Pale gold color; apple, tangerine, peach, quince on the aromatic nose; apple, pineapple, tangerine, grapefruit, quince, hint of honey on the palate.
Dry; 50-50 blend of 71% viognier and 29% chenin blanc. Nicely smooth; no tannin. Oily notes expected from viognier and chenin blanc’s clear sharpness and good acidity make for an intriguing marriage. The dynamic interaction between viognier’s light sweetness and low acidity with chenin blanc’s lack of sweetness and high acidity creates a delightful wine experience; 14.2% ABV.
Very easy drinker. Chenin blanc—a very versatile grape—brings richness and ripe fruitiness; viognier brings aromatics and pleasing mouthfeel. Both grapes have good body, especially for whites, and there is some creaminess, too. No oak. Doo-Zwa-Zō is Hilmy’s phonetic interpretation of the French for “two birds.” The blend is whatever strikes Hilmy’s fancy each vintage—the 2016 effort, for instance, is a chenin blanc, marsanne, orange muscat blend.
All this is Texas High Plains AVA fruit, with the cellars in the Texas Hill Country AVA, a common situation with Texas wine. Some 85% of juice in pure Texas wines come from the High Plains, while the Hill Country delivers the tasting rooms and the market. The Texas Hill Country AVA around Fredericksburg and along Highway 290 wine road is the second-most visited AVA in the United States; only Napa attracts more people.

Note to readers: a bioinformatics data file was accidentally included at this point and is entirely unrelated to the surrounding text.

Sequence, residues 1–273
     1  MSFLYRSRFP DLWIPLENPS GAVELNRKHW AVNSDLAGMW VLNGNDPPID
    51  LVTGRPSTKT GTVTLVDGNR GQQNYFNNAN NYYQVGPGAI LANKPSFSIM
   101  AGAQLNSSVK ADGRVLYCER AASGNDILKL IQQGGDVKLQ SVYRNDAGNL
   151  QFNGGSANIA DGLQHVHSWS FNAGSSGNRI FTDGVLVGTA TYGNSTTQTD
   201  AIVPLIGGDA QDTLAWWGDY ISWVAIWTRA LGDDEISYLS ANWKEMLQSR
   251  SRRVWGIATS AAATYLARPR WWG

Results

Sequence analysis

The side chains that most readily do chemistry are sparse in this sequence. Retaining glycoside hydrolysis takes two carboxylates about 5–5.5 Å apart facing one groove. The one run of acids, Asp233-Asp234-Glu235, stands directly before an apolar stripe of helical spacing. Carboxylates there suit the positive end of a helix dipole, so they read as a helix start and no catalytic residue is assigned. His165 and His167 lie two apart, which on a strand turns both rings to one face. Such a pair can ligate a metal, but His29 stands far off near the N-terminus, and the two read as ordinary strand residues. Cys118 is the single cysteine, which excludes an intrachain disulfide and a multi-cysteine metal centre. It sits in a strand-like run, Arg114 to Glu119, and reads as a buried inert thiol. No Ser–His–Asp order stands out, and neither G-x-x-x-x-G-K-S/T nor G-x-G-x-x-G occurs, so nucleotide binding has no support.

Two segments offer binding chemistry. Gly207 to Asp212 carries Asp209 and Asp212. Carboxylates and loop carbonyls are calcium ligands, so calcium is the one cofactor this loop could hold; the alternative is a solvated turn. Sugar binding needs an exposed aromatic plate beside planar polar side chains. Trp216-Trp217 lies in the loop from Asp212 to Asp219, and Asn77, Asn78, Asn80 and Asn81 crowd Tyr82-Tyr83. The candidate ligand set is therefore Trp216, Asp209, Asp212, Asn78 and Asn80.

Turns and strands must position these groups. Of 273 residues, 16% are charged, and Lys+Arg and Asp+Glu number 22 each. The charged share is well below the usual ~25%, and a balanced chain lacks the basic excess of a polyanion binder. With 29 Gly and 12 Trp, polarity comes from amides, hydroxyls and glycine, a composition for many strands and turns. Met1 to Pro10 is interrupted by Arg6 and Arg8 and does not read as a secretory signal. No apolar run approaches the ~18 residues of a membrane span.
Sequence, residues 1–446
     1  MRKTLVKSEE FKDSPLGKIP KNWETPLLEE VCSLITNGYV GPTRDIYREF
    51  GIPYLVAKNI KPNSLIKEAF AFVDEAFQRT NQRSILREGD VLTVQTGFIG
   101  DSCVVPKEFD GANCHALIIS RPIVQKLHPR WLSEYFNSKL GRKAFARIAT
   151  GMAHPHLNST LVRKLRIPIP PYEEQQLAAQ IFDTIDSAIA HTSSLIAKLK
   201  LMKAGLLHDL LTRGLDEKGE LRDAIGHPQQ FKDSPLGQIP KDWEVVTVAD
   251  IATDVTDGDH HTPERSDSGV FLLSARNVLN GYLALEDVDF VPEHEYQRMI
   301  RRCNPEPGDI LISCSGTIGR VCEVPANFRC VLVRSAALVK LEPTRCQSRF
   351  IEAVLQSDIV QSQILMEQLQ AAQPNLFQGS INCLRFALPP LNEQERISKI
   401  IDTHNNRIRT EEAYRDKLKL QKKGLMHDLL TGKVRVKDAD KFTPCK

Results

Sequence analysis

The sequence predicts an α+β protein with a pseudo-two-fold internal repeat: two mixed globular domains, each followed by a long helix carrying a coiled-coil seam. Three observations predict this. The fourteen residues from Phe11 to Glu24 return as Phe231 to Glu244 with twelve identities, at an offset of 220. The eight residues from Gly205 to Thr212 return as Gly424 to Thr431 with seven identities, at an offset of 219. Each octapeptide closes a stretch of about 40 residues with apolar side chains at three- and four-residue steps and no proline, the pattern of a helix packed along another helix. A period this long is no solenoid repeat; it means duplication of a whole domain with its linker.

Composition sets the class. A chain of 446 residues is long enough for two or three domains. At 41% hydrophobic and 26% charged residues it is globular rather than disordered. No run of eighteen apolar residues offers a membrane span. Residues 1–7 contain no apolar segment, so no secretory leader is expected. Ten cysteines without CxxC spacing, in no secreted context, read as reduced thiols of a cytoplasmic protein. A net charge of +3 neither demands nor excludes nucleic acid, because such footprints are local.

As with most Texas wines, do not expect to grab a bottle at your local supermarket. If you can’t come to the winery–tasting room, you can obtain via the internet in thirty-something states and through the Hilmy wine club—“The Flock.” This wine is worth the effort to find. It demonstrates why Texas wine now must be considered as a real player in the wine world.
The Hilmy story begins with Eric Hilmy—a first generation American—in 2008 at a site near Fredericksburg. Eric started with 3,000 sangiovese vines—another varietal that works in Texas—and has expanded ever since. The key to the Texas wine industry has been finding what works in Texas terroir. Cabernet sauvignon does not. But vines that are heat and drought tolerant—viognier certainly qualifies—succeed.
In barely more than a decade, Texas has become the No. 5 wine grape producing state in the U.S., and with Texas money, pride, and vast acres of land, don’t expect any cowboys to suggest turning the herd and slowing the stampede any time soon. The Hilmy website tells its story in words and three charming videos.
Hilmy Cellars Doo-Zwa-Zō White Wine 2015 is a delicious winner, delivering the lovable qualities of both viognier and chenin blanc. Very smooth easy drinker. Pair with roasted chicken, chicken curry, savory orange chicken; pork chops; roast turkey; quail; pan-seared tilapia; halibut; lobster; crab; shrimp; poached salmon; spicy Asian cuisine. $24